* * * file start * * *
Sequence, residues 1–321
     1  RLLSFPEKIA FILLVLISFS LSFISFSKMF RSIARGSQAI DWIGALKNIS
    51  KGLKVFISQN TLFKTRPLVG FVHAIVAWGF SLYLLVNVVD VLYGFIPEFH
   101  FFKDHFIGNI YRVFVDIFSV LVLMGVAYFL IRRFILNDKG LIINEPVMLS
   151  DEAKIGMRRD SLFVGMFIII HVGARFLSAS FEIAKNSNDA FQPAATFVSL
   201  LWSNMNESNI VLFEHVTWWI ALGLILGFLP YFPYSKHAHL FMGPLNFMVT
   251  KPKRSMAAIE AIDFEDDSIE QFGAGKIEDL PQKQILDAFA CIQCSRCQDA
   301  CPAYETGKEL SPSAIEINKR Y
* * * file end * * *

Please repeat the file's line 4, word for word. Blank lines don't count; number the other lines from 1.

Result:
   101  FFKDHFIGNI YRVFVDIFSV LVLMGVAYFL IRRFILNDKG LIINEPVMLS